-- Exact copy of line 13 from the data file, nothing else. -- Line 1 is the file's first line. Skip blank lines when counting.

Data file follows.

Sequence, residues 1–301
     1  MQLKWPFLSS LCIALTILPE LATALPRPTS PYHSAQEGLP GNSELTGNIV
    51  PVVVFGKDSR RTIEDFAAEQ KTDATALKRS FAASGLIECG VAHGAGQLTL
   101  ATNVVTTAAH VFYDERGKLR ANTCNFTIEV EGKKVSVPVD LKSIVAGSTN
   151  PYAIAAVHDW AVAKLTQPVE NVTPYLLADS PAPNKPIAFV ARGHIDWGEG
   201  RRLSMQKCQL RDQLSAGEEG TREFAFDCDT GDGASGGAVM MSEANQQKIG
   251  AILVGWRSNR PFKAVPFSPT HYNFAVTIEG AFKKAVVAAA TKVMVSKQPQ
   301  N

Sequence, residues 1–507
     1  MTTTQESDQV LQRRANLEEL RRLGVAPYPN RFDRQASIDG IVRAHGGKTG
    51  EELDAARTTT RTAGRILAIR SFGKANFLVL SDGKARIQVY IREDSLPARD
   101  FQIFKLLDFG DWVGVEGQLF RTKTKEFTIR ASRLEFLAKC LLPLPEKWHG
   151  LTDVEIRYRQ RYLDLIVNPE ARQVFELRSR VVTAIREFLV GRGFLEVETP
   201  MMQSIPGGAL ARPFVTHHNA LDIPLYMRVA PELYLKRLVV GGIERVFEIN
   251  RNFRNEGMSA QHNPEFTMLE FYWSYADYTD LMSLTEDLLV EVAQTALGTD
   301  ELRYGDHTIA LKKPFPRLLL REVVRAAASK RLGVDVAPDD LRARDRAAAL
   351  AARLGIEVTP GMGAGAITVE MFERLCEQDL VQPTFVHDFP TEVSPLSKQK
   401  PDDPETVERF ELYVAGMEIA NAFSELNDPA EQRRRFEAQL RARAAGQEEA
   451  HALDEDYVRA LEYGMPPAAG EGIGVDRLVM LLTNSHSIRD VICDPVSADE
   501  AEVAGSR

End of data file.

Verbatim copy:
   151  LTDVEIRYRQ RYLDLIVNPE ARQVFELRSR VVTAIREFLV GRGFLEVETP